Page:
This paper presents a comprehensive analysis of the reconstruction efforts in the Gaza Strip following the 2021 and 2022 wars, placing these efforts in the context of previous reconstruction experiences after the 2008/09, 2012, and 2014 conflicts. Employing a mixed-methods approach that includes interviews, primary data analysis, and policy document reviews, the study uncovers the dynamics and challenges shaping the recent reconstruction processes. A key finding of this research is the marked slowdown and ineffectiveness of the post-2021 reconstruction, contrasting with earlier efforts. Unlike previous rounds where material flow restrictions due to the blockade were the predominant hindrance, the study identifies a critical shift in the recent context: a significant lack of funds emerged as the primary obstacle. This change reflects evolving political, economic, and security landscapes in the region, including donor fatigue and shifting international priorities. The paper explores continuities and discontinuities in the factors influencing reconstruction outcomes in Gaza, offering a nuanced understanding of how the changing context has impacted rebuilding efforts. It examines the implications of these findings for future reconstruction initiatives in Gaza and similar conflict-affected regions, providing insights into the complex interplay of financial, political, and logistical challenges in post-conflict reconstruction.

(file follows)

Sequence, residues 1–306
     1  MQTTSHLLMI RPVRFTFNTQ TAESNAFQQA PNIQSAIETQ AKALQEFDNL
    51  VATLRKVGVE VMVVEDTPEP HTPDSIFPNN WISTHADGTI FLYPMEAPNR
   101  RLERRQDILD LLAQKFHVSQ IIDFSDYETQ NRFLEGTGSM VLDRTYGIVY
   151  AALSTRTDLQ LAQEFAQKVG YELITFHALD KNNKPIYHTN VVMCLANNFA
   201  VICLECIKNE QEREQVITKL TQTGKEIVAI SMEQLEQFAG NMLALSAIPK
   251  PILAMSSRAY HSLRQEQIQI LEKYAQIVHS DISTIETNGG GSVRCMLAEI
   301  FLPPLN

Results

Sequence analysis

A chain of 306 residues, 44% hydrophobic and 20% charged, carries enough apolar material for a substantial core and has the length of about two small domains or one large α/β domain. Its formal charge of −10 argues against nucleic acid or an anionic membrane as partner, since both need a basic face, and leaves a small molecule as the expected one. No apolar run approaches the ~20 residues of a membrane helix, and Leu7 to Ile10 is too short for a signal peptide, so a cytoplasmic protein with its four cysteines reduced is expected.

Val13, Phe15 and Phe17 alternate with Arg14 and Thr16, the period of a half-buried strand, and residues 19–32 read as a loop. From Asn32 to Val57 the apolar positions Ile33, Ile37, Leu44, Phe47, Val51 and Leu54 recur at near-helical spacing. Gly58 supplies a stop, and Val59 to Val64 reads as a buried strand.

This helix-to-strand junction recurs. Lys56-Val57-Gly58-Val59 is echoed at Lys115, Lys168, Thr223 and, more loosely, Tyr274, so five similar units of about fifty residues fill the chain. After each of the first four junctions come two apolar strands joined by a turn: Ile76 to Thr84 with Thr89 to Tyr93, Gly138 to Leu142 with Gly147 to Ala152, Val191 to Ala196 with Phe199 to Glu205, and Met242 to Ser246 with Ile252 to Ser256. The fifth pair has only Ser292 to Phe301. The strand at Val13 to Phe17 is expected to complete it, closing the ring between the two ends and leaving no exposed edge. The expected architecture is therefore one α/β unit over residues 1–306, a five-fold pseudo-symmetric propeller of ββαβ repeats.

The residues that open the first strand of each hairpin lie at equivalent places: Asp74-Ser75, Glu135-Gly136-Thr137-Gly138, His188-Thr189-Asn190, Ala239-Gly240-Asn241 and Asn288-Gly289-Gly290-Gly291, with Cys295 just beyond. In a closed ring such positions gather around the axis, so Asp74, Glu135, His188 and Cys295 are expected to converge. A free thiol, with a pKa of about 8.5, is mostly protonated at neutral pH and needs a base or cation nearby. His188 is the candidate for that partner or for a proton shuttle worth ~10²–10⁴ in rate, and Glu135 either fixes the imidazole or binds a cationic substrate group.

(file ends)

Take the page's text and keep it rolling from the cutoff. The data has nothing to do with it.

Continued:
To cite this article:

Sansom Milton, Ghassan Elkahlout & Saba Attallah (2024) Shrinking reconstruction space in the Gaza Strip: rebuilding after the 2021 and 2022 wars, Conflict, Security & Development, 24:1, 49-78, DOI: 10.1080/14678802.2024.2314034